Fogo

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THE VOLCANO

Pico do Fogo volcano in Cape Verde

@unknown

THE VOLCANO

Pico do Fogo volcano in Cape Verde

@unknown

History

The island of Fogo was discovered in the 1460s, during the same period as the islands of Santiago and Maio. Initially known as São Filipe, it later came to be appropriately named the island of Fogo (“island of Fire”) – a rather expressive name given in honor of its imposing volcano, which is its main calling card and one of the most notable icons in all of Cabo Verde.

The island’s economy was based exclusively on the growing and harvesting of cotton, coffee and grapes, the products of which were sent to Santiago for later export and sale in Guinea and Brazil. The history of the island of Fogo prior to its emancipation is marked by contrasting periods of progress interspersed by terrible natural calamities and human horror.

In 1665, for example, the island suffered a terrible, four-day-long attack by Dutch pirates. Later, in 1719, the island’s population was hit by its first large-scale famine, followed by another in 1759. That same year saw an eruption featuring a tremendous explosion of the volcano, causing major damage on the island, especially to crops, and which caused sand and ash to rain down on nearby islands.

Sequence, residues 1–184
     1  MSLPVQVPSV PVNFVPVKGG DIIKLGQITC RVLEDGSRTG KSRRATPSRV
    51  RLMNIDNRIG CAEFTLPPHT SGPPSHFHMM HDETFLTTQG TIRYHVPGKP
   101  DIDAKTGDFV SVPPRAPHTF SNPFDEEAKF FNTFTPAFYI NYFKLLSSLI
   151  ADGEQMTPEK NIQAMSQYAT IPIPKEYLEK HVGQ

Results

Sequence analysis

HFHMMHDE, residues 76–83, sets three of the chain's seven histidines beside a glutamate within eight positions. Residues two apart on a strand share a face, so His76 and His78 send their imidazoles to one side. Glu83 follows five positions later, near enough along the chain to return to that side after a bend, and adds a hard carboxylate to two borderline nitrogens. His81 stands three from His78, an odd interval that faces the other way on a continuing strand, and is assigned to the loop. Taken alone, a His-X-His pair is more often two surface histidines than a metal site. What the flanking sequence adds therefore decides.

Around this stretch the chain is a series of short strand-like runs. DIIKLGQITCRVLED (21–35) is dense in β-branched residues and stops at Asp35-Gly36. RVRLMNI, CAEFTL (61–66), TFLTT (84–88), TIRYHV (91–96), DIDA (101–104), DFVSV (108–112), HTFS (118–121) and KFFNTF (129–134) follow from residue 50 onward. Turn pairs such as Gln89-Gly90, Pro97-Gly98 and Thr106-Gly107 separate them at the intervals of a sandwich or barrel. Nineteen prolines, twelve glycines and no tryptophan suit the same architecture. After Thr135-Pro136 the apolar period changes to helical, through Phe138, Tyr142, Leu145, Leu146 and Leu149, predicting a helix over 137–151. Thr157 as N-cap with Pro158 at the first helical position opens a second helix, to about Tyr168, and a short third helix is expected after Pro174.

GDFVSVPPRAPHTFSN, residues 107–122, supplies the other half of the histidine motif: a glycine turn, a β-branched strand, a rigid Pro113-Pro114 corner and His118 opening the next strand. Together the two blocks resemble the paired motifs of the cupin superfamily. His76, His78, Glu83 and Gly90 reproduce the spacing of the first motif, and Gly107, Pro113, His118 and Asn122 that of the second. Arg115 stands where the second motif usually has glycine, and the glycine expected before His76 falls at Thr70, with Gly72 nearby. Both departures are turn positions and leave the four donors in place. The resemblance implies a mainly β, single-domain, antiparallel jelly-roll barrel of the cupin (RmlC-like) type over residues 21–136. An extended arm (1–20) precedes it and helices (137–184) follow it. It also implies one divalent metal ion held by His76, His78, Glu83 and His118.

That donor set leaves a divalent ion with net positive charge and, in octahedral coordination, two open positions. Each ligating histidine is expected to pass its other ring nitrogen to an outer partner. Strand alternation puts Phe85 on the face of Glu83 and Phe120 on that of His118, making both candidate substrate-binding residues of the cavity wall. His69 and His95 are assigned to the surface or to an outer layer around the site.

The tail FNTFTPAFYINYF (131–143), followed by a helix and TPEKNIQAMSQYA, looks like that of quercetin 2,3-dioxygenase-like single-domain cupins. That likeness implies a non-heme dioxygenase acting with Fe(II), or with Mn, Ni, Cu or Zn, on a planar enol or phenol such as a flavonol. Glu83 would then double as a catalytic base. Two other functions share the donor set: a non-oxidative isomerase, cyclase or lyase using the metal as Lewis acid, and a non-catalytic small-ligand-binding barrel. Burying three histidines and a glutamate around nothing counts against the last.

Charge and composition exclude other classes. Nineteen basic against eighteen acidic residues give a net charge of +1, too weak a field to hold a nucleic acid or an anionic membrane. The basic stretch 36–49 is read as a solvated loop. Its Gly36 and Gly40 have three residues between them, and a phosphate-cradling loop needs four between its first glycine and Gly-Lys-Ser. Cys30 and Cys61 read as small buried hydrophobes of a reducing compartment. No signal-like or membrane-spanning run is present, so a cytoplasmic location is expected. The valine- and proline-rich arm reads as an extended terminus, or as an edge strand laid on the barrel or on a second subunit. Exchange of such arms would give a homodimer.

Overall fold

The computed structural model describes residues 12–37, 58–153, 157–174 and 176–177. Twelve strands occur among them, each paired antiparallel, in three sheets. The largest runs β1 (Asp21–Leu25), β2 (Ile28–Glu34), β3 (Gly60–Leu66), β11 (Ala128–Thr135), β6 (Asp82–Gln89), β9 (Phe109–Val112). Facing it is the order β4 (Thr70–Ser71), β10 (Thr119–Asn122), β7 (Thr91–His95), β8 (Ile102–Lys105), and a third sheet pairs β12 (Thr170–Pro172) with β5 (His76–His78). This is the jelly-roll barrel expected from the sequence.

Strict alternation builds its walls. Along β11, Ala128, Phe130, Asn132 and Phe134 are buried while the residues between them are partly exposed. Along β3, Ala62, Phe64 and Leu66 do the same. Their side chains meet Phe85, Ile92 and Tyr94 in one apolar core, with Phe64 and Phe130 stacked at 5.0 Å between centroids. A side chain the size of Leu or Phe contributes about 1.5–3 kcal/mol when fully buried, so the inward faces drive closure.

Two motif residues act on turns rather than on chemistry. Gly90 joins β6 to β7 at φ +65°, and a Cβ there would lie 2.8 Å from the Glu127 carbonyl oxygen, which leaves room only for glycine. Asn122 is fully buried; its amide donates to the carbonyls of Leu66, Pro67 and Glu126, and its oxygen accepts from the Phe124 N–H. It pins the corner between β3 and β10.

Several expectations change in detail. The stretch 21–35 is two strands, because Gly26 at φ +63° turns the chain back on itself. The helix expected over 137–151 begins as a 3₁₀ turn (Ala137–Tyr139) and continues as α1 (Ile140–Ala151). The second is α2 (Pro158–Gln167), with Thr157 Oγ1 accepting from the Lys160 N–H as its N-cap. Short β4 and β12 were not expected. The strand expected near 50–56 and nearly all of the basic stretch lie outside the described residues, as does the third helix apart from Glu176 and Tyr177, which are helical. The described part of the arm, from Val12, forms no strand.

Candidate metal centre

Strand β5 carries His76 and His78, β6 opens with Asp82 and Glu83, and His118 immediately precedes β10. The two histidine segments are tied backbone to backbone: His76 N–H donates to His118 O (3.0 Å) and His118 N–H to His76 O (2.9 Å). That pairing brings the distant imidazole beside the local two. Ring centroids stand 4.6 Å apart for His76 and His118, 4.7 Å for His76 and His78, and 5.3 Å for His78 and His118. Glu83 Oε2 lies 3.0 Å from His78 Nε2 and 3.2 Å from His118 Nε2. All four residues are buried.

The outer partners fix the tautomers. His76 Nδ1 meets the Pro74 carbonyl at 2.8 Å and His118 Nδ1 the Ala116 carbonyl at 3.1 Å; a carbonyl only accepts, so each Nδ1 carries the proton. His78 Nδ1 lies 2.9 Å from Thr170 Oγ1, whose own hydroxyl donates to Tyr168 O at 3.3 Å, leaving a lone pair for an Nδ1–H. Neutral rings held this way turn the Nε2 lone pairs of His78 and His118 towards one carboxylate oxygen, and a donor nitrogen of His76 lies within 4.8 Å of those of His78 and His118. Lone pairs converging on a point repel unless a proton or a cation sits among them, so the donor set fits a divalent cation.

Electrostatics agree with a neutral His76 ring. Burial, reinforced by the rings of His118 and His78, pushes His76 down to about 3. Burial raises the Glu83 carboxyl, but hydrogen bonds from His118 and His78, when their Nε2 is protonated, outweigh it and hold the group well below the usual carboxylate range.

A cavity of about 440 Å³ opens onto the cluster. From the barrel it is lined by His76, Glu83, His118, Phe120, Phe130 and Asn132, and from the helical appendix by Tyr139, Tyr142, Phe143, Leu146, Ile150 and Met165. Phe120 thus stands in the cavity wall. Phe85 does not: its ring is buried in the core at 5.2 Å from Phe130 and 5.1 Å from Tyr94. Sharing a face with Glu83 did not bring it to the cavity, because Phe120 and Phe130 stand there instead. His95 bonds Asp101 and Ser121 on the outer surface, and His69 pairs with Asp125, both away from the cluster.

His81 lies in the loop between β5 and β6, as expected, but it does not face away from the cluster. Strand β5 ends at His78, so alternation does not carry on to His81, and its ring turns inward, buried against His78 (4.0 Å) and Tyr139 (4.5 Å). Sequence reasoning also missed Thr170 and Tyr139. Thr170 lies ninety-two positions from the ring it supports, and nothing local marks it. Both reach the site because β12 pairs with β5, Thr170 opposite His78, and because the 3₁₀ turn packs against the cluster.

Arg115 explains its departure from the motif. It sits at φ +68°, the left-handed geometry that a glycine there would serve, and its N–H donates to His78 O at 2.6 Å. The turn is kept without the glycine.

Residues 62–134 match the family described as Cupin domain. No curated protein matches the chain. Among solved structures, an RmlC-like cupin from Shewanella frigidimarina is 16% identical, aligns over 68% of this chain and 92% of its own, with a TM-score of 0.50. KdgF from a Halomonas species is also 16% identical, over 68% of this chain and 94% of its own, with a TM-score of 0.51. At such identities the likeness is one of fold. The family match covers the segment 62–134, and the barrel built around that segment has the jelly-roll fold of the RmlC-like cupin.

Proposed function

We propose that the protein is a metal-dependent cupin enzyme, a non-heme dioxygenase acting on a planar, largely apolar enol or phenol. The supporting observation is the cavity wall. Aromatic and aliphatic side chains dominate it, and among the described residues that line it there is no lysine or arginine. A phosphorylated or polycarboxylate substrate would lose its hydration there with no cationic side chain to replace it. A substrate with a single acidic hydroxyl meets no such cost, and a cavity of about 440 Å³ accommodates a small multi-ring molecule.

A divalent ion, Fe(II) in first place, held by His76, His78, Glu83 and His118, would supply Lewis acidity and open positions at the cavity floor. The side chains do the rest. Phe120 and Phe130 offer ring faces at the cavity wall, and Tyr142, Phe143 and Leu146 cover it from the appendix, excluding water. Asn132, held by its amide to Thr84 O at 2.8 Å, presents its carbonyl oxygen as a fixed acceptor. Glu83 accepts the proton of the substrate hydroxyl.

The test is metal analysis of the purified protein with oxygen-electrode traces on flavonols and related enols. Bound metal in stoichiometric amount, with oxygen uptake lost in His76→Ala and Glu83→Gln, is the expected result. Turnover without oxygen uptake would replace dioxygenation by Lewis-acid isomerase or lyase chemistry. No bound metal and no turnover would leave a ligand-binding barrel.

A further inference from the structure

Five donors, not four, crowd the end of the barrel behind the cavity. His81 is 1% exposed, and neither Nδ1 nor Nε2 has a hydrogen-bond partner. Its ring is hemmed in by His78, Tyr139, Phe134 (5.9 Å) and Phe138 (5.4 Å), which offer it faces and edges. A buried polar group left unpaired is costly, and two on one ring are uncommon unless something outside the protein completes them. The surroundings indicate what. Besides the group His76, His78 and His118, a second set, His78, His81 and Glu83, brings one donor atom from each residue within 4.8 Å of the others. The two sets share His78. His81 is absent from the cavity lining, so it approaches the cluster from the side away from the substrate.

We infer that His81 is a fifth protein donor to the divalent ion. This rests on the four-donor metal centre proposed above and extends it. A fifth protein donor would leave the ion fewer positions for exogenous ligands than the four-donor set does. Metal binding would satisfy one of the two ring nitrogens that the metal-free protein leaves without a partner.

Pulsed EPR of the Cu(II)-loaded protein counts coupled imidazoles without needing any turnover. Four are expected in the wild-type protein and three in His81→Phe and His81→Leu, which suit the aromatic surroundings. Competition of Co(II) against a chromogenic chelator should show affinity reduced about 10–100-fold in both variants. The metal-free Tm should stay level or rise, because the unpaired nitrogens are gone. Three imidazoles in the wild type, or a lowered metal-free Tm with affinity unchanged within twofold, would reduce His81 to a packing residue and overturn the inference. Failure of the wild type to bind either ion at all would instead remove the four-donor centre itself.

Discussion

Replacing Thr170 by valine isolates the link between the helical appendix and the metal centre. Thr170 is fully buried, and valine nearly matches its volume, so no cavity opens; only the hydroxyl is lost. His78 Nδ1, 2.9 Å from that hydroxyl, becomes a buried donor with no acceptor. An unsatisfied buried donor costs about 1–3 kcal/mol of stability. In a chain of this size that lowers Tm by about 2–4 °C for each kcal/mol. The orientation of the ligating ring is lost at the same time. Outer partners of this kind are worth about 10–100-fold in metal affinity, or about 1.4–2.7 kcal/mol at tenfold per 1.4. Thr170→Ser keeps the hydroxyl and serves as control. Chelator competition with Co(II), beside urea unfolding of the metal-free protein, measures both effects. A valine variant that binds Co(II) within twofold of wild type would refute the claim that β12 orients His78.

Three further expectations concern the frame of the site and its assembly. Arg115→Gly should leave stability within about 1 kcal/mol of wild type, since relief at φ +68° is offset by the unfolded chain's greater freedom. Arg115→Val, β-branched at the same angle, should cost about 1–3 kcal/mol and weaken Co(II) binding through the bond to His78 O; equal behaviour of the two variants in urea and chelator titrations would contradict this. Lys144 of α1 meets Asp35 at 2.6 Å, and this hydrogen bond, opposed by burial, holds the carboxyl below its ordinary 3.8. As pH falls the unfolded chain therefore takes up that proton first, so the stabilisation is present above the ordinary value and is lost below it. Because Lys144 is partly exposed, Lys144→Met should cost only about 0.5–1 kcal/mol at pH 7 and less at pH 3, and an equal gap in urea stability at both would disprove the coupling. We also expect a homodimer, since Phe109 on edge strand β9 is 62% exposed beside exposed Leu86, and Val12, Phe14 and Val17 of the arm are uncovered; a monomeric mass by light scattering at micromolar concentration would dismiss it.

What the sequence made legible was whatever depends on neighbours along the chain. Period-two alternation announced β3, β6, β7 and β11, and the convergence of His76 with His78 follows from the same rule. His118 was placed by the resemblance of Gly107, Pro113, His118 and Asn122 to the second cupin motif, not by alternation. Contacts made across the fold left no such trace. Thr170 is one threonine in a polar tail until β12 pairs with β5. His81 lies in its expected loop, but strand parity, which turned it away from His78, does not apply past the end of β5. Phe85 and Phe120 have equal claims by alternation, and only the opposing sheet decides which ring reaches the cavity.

Currently, the island of Fogo is divided, in administrative terms, into three municipalities: São Filipe, Mosteiros and Santa Catarina, the last of which was created recently. The city of São Filipe long served as the island’s administrative center. It is a historical and well-structured city that is growing socially and economically at a relatively good pace.

Geography

Of volcanic origin and located to the west of the island of Santiago, Fogo has a total surface area of 476 km2 and boasts the highest point in all of Cabo Verde. The main peak of the volcano has an altitude of approximately 2,829 meters, with a caldera some 8 kilometers in diameter.

The walls on the western side of the caldera, known as Chã das Caldeiras, reach as high as 1,000 meters, while the main crater, on the eastern side of Chá das Caldeiras, is 500 meters wide and 180 meters deep – the fourth largest in Cabo Verde. Djarfogo, as the locals call the island, has a spontaneous, spectacular, natural, enigmatic beauty that few visitors fail to be taken in by.

The island currently has a population of nearly 40,000, while as many of its sons as daughters live abroad.

Cuisine

Traditional dishes such as djagacida (made with corn flour and beans), xerém de festa (a corn flour dish served mainly during the Bandeira festivities and at weddings, accompanied by stewed meat), cachupa, camoca (a roasted corn flour eaten for breakfast) and gufongo (a type of bread made of corn flour) are the main culinary references that merit a try by visitors.

Meals may be followed by coffee pudding or candied papaya, or by candied sweet potato or squash. Food may be enjoyed with a cold Fogo white wine, and nothing is better than a Fogo coffee, famous throughout the archipelago, to guarantee proper digestion.

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